So many conversations never would have happened if it weren't for an error or problem of some kind. Not that I'm in favor of errors or problems, but I sure treasure the conversations.

Today, someone received two See-Green lighted inserter stand kits. Whoops! She was understandably unhappy at having to deal with the extra one, but it was a rather costly package that we really needed to get back.

For various reasons I ended up speaking with her myself and was so glad I did. She's had her scleral lens since November, but only once ever successfully gotten it in her eye! And succeeding in this lens is the only thing standing between her and a transplant! I ached for her, hearing that, and at least now that I know, I can check in and see how it's going and if there's anything we can do to help.

I am thankful to have learned from the 'good old days' to expect a very high standard and that it is okay to hold doctors to it. Back at BostonSight, they would not release lenses to us unless we successfully 'graduated' from training. 

A beautiful day in the neighborhood

The Dry Eye Company's home is in a strip-mall sort of thing on the main road through Poulsbo. There are three relatively small one-story buildings, and we're the first suite in the second building. Amongst our neighbors....

To our left in building 1, there's Kitsap Crossfit - a popular spot, and we love them, as long as we're not trying to find a parking spot during one of their classes when our lot is full to capacity. They take up most of one building, bounded by the offices of a cleaning company on one end and, on the other, The Twisted Chiropractor.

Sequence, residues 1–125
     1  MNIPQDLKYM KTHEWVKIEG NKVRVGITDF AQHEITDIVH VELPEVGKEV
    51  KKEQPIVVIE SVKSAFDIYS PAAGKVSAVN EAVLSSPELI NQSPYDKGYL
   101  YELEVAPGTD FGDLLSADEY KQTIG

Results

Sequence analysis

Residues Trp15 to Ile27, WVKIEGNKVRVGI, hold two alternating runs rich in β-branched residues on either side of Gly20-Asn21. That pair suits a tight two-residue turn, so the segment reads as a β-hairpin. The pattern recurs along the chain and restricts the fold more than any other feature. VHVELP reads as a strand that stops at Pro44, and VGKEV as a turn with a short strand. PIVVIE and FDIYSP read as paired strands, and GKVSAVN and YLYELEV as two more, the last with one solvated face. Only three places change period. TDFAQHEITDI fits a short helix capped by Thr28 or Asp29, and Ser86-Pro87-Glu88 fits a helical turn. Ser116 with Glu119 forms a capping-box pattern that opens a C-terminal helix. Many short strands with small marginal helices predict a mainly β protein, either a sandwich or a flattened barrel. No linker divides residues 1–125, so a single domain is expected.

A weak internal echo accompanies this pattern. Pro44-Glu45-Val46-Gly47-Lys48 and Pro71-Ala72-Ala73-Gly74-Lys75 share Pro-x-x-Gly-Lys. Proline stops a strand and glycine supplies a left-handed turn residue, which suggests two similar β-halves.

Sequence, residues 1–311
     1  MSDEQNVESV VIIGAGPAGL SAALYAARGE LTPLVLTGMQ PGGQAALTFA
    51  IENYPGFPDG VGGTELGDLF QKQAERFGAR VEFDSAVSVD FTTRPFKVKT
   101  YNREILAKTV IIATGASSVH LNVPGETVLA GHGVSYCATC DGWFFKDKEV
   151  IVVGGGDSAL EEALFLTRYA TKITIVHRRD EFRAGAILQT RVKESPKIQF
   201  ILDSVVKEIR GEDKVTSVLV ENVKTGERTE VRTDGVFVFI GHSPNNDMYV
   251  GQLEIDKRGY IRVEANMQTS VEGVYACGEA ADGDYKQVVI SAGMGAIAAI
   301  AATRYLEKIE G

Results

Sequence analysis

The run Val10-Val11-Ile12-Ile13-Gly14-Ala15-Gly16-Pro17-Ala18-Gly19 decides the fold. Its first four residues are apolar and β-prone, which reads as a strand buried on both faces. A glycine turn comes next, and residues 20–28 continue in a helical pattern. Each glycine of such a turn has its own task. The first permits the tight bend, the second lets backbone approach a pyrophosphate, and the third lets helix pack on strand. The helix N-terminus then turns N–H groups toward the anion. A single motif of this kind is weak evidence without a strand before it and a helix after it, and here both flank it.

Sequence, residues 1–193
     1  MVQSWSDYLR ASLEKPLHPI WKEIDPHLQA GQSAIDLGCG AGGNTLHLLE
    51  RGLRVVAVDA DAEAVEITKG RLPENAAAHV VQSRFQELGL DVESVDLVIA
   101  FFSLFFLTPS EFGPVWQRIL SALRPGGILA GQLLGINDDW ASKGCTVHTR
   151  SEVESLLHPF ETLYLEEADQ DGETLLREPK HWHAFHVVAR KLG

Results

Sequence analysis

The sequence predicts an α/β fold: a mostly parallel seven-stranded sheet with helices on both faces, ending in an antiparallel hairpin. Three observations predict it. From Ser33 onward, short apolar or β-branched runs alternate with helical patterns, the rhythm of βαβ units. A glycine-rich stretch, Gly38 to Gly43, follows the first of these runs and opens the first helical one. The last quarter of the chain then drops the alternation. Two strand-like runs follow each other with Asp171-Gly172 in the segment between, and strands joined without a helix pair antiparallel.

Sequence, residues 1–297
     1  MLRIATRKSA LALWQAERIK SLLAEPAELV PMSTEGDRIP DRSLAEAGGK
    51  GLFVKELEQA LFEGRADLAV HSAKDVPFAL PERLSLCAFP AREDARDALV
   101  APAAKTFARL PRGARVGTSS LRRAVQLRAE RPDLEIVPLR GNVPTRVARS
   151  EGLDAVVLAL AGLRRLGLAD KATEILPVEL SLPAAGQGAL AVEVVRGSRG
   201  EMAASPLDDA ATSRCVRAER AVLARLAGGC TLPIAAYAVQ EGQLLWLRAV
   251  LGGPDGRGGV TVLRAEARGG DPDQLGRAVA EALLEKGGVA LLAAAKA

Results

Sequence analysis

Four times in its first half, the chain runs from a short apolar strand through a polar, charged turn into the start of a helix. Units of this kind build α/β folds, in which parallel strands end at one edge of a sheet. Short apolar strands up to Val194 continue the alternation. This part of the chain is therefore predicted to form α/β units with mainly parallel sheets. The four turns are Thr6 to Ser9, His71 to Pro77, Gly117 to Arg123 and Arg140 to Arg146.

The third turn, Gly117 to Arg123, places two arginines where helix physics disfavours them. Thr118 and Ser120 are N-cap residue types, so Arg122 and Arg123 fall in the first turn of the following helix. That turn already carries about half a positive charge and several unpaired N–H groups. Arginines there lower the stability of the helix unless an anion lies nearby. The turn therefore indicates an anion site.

Across the lot in building 3, there's long-established Kimco Plumbing - great neighbors, they load up the vehicles with parts in the wee hours and disappear and we never see them all day. There's Hot Yoga, one of whose patrons hit my parked car, left, felt guilty, and came back and restored my faith in humaity. There's the dry cleaners, which is ever so handy, and a tattoo parlor that I really, really need to visit one of these days, and a floor tile place occupying the unit we had when we first moved into the complex.

In our building, there's a church occupying the next two units. We have very thin walls, but we never hear a peep during the week, except of course during their months-long renovation project last year, but thankfully that's all over. On the other hand, I normally work on Sundays, so I get the benefit of a full length sermon. The rest of the building is occupied by DME, an automotive repair shop. So nice, if I needed anything worked on, to just hand Bob my keys when I get to work.

Except that Bob isn't there anymore. He had a heart attack a couple of weeks ago. When Bob took over the business, less than a year ago, he actually built living quarters for himself in part of it and moved in with his dog, Danny. 

So often, driving in or out of the lot at all hours, I would see Bob and Danny on their walk.

And when I was working late at night, it was always a comfort to know Bob was there.

He had a massive heart attack. He was 61.

A new team member!

You just never know what you're going to get. What will tomorrow bring?

Today, I met with Josh, my friend Lisa's son, who is between jobs and looking to try something new. He's going to help Brent and Susan in the stockroom part time. I'm so excited to have him! He spent a little time with them today and I think he'll fit right in. And, what better way to get initiated to the Dry Eye Shop than to join us tomorrow for a PROSE case packing party. Taking an entire shipment of something, packing everything up individually and then filling orders and sending all of them right back out the door by pickup time is our specialty here as we've had so many backorder situations to deal with in recent years.

Oh, and happy PI day!

Gosh darn it. I was going to do a promo with a $3.14 discount at Chaidie and Brent's suggestion yesterday, but I didn't remember till the end of the day.